It was stupid of me to say I would have to go away.
And to say it to you.
Because there is no more or less here than where you are.
The past is no more, no less.
It is only further.
I often wonder if something in your chest went cold.
But you needed only to look into my eyes.
‘You'd find it there”, you said.
As if you knew there was something in me worthy of it.
Farewell to time
In the feeble golden city we walked the silent streets.
We were quiet
But I know by the way you look at the ground and grin that you are ready to speak.
I stare at my feet.
The green grass beneath flickers under a sun shadow sheath.
It covers your face. I catch glimpses brief
Of you on your side, ground to your cheek.
Looking to the foliage deep from where the sky seeps,
I can’t see you looking at me.
Like we’re restlessly asleep we move our arms, legs, feet,
Sit up, fall down meek
As you tell me of your week.
Moving in a circle, ever closer to each
Until in the centre we meet
And the side of my head can reach
The bottom of your neck.
I can feel you breathe.
Amongst yours my fingers weave and fall apart again.
They rest on your knee.
Then we stop moving.
We don’t have to speak.
You’re face down with your hands under your cheek
And my cheek beneath your soft smelling hair like wheat
That spreads from my eye to my teeth.
And I wonder if this is bliss,
Or just peace.
The church bells don’t sound like they did before.
All that can be heard is stiff metal clanging.
There is no echo or ringing.
Maybe the walls have grown over their pores, or the stone no longer wants to listen.
Or perhaps it is the bells, their insides rounded down and covered in soft scars.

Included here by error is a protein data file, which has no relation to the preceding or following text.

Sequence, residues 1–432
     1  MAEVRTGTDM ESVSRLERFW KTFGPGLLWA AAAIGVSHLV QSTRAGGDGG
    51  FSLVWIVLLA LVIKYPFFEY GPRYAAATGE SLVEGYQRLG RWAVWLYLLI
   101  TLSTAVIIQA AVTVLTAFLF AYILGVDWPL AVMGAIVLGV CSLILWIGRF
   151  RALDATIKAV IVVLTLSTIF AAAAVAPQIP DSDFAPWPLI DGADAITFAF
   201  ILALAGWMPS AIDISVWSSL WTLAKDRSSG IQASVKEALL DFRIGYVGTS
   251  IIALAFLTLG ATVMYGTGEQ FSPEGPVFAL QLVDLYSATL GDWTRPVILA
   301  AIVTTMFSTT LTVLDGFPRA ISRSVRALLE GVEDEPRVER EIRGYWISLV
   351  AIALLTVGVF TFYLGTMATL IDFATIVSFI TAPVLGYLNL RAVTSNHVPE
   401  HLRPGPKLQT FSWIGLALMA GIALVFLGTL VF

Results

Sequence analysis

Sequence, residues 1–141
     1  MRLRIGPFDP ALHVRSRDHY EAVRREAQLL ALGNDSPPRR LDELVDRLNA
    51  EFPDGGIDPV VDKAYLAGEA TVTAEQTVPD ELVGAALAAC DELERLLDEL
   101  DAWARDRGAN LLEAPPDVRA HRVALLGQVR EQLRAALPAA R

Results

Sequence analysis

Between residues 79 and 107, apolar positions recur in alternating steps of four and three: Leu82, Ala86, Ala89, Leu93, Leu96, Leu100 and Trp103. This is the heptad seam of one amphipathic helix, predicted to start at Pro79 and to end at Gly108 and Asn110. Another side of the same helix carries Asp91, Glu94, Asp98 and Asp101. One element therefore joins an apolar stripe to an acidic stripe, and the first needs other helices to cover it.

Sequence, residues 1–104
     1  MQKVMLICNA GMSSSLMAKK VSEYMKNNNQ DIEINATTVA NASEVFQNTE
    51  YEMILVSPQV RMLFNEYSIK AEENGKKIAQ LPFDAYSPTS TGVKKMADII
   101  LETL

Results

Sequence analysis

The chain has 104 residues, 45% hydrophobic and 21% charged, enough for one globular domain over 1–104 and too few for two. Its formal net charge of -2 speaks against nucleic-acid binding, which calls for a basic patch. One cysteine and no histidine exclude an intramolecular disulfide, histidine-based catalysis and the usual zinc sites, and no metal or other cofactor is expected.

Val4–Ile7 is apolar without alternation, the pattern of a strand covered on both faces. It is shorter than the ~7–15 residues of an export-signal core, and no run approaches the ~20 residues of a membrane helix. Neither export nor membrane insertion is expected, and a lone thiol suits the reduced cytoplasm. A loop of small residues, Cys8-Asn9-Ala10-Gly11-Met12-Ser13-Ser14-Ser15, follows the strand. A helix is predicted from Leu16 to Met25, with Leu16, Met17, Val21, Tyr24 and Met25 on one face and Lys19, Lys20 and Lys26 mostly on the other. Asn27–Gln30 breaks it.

Maybe someone has stolen the clapper and replaced it with a small spoon.
The throbbing bronze orb is nowhere to be seen.
My angel voice won't fill the space, when once I only had to whisper.
When I try to raise the holy ghost with semitones, the chant falls dead.
It is like I am singing my requiem in a plain of long grass, where there are no walls to sing it back to me.
I had not sung until today, and I had forgotten some of the words.
But today I sung in the plain. It is nicer.
There, the last note does not linger in the vaults.
The clapper was later found nestled in the grass, not far from where I was standing.
It had turned to glass. Someday soon I will put it back in the bell.
...I’ve stared into deep black waters at night,
seeing and remembering everything that once was,
everything that felt beautiful and exhilarating and unique to this world,
moments which looking back upon brings momentary nostalgia, warm,
filled with muted pain and soft sighs which will never be heard.
I stay above the waters edge.
I go home to my bed, tired and wide awake,
and dream of you.
Published in Honi Soit (find it here).
Bundaberg is the place I grew up.
It’s a small city—regional Queensland. People like to think anywhere outside of Brisbane is a one-street ice epidemic. But Bundaberg is a nice place.
The city is surrounded by cane fields on all sides. When crushing season comes, a sweet, yet sulphurous steam from the mill pours into the afternoon air. When they burn the fields, delicate strands of ash rain over the whole town. They turn to dust in your hands if you try to catch them.
The sun shines almost every day. Going outside is a game of finding shade, or else having your mother remark how burnt you are at the dinner table that evening.
I come from two old families. My mother’s father’s parents settled there in the 20s and opened a cafe. They were Greek. My dad’s family were school teachers and cattle auctioneers. They’re Irish and English, and they’ve been there since the early days.
Our house is over a hundred years old, in the Queenslander style. It’s made of timber—cooling in the summer—and has a long verandah. It’s always full of sun and air. When I was a baby my mum painted the house light blue, with yellow walls inside. There are gardens all around, and a backyard that any child would dream of. You could always find shade there.